First Traces of Silver Hill

The name Silver Hill first surfaced in a plat map recorded on September 19, 1894, showing 33 lots owned by William Edward Franklin (“W.E. Franklin Plat Filing” 1894). Franklin was a merchant, developer, and insurance agent who later became the treasurer and city clerk of Winston in the early 1900s. His parents were Stokes D. Franklin and Fetney Adams Franklin, who owned a farm in House Creek, Wake County, North Carolina, before coming to Forsyth County (“Franklin Family Researchers United” 2008). The map lays out two streets running north and south—Holiday Street to the west and Lincoln Avenue to the east. Cross Street bisects the neighborhood going east and west.

In 1886, a congregation of African Americans of the Primitive Baptist faith acquired land for a church just west of the lots that came to be known as Silver Hill (“Deed of Sale from Frank and Antoinette Brindle to Antiyork Primitive Baptist Church” 1886). The church was called by several different names but was most commonly known as “Antioch Primitive Baptist Church.” The nearby West End Baptist Church (also an African American congregation) purchased three acres of land adjacent to the church for a cemetery in two separate transactions dated 1907 and 1908 (“Deed of sale from H.D. and Lillian Shutt to West End Baptist Church Trustees” 1907; “Deed of sale from H.D. and Lillian Shutt to West End Baptist Church Trustees” 1908). There were several African American families already in the area before it became known as Silver Hill. These included the Cain family, which was headed by Emaline and Richard “Dick” Cain. They purchased their property in 1881 for $15 (“Deed of Sale from Frank and Antionette Brindle to Dick Cain” 1881). They held this property at the eastern edge of Silver Hill until 1917, when they sold it for $2000 to real estate developer William L. Ferrell (“Deed of Sale from Dick and Emaline Cain to W.L. Ferrell” 1917). It would eventually become part of the new, upscale Buena Vista neighborhood. The expensive home that stands on the former Cain lot today was built in 1939, leaving no obvious trace of its connection to Silver Hill.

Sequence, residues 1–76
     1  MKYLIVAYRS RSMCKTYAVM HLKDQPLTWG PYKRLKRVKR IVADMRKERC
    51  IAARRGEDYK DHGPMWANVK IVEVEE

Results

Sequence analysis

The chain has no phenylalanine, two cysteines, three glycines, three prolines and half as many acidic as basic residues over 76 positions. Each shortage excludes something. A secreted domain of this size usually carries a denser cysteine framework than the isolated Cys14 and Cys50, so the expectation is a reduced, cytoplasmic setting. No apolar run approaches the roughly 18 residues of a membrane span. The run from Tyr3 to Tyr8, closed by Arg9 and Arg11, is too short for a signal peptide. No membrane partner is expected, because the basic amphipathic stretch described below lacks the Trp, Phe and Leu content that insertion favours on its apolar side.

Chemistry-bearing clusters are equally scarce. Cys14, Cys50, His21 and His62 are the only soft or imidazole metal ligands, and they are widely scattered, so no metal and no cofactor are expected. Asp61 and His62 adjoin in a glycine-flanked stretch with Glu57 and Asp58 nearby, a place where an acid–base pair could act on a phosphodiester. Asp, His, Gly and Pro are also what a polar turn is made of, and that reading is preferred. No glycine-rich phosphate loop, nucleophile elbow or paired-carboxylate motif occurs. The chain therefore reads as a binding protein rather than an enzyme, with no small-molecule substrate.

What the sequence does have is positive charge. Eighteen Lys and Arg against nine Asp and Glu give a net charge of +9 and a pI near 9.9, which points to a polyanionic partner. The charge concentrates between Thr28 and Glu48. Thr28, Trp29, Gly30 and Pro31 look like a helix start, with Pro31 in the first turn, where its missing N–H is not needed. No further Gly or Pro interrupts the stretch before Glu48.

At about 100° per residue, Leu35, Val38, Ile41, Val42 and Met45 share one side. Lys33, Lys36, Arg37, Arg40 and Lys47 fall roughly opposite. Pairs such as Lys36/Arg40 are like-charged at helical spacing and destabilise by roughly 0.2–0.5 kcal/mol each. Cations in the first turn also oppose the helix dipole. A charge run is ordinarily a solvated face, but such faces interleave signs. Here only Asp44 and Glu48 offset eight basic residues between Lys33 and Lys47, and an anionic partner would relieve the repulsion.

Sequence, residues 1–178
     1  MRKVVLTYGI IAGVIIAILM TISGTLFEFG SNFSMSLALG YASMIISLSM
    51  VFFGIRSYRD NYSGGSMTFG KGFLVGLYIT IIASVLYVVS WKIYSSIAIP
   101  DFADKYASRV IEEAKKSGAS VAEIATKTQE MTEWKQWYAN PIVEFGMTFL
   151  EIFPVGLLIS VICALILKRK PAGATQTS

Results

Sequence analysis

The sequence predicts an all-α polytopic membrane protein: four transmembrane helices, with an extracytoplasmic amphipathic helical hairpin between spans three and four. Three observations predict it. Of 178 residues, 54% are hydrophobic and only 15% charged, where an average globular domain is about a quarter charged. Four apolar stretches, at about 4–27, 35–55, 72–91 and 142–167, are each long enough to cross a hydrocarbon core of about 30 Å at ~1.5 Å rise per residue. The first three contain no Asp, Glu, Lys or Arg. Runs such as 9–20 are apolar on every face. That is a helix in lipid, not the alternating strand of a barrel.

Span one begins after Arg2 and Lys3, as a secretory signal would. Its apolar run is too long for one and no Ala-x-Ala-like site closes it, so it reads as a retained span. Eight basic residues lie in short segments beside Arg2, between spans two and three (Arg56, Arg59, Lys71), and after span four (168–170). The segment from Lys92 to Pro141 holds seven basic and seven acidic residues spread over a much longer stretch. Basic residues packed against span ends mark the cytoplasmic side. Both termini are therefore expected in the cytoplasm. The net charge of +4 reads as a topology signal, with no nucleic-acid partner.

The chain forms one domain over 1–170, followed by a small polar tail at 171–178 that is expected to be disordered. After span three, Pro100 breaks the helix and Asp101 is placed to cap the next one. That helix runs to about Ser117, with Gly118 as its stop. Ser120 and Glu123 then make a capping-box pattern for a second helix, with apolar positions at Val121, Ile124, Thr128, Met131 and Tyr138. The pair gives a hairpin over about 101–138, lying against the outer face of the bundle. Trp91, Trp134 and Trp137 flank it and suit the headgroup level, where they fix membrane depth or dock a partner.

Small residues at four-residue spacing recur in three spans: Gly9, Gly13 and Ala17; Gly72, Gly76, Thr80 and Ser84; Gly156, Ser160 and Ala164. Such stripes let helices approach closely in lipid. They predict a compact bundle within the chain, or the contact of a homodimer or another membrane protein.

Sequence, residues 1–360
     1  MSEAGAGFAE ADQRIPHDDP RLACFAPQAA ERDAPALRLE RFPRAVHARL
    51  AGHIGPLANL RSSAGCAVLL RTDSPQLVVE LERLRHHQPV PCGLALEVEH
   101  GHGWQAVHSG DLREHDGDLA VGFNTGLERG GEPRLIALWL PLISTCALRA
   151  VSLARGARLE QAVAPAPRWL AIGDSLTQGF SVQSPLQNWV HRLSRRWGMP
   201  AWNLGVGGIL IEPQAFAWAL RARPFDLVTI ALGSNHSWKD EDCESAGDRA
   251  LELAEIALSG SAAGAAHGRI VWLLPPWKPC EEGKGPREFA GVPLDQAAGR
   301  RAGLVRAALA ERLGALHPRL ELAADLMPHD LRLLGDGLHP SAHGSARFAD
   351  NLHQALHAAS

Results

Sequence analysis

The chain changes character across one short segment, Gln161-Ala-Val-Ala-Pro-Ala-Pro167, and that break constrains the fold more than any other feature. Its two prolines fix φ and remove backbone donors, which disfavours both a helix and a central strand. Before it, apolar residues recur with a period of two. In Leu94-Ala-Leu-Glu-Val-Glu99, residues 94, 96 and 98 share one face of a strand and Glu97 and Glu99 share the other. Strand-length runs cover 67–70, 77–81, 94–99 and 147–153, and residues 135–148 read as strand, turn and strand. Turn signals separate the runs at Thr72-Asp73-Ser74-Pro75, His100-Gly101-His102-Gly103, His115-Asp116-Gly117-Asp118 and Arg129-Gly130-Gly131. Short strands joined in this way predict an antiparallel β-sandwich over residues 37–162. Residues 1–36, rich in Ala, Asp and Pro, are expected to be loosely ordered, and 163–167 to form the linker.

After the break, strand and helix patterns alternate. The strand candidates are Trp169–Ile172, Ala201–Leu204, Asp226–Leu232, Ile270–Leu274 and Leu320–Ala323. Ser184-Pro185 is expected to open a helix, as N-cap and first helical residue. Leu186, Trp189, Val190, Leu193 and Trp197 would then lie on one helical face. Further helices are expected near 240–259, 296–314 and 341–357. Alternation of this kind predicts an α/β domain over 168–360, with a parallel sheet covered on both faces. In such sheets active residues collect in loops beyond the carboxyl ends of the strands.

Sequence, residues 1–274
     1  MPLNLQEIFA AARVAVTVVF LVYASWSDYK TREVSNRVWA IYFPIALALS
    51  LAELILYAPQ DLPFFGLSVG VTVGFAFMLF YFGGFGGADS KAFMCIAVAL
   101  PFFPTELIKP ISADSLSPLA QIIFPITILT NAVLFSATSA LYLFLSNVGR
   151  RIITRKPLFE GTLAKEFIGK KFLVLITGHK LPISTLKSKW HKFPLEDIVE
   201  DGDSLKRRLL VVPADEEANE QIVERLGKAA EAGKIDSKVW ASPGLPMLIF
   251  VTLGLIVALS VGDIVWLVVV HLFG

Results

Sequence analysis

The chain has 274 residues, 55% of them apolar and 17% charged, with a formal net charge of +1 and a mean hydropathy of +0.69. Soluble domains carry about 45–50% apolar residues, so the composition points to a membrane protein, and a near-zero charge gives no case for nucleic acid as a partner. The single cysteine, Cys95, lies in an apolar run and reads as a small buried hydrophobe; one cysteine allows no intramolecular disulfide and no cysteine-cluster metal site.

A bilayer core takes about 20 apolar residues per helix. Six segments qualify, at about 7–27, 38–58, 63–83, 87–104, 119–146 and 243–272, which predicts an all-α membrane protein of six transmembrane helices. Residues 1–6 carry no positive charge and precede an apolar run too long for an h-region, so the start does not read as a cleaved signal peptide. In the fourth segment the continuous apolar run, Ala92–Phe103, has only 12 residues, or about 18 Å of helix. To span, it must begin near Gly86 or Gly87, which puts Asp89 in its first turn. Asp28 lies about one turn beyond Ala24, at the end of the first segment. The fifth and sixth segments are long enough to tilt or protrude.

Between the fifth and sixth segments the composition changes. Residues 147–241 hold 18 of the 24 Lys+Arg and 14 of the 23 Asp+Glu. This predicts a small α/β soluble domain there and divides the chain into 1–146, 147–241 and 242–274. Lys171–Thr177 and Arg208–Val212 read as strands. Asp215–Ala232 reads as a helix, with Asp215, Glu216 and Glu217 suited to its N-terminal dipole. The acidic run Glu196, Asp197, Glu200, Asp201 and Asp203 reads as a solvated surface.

The first known newspaper mention of Silver Hill was in the Western Sentinel published on August 11, 1898 (“Around the Twin-City” 1898). It states that “An immense crowd attended the colored camp-meeting at Silver Hill, near Winston, Sunday.” Camp meetings were religious events where worshippers congregated in rural areas for an extended period of time to live and pray together. They were particularly influential in the piedmont region of western North Carolina where Silver Hill lies (Lepley, 2006). The newspaper goes on to state that the crowd “came in from Reidsville and other places to attend a Primitive Baptist meeting” (“Around the Twin-City” 1898). This detail might help explain the appeal of the community to the McCullough family of Rockingham County (where Reidsville is located), as many of their children made Silver Hill their permanent home.

Others settling in the community included Ophelia Jane Scales. In 1899. Ms. Scales, at the approximate age of 18, was granted an acre of land in Silver Hill by the State of North Carolina (“Deed of Sale to Ophelia Scales” 1899). She posted 12 and a half cents to complete the transaction. Less than 3 years later, Ophelia Scales married (John) Henry Hunt. Reverend George Washington Holland, founder of Winston’s (African American) First Baptist Church and a prominent member of the religious community, performed the ceremony (“Aphelia J. Scales” 1902).

Silver Hill Becomes Segregated

Silver Hill did not begin as an exclusively African American community. Census records from 1900 and 1910 indicate a mixed neighborhood, with several white residents more or less coexisting with African Americans. However, as Massey and Denton (1993) point out, many neighborhoods in the United States became more racially segregated with the growth of industrial cities in the early twentieth century. In some regards, Silver Hill fits this pattern, with most white residents moving out by 1920.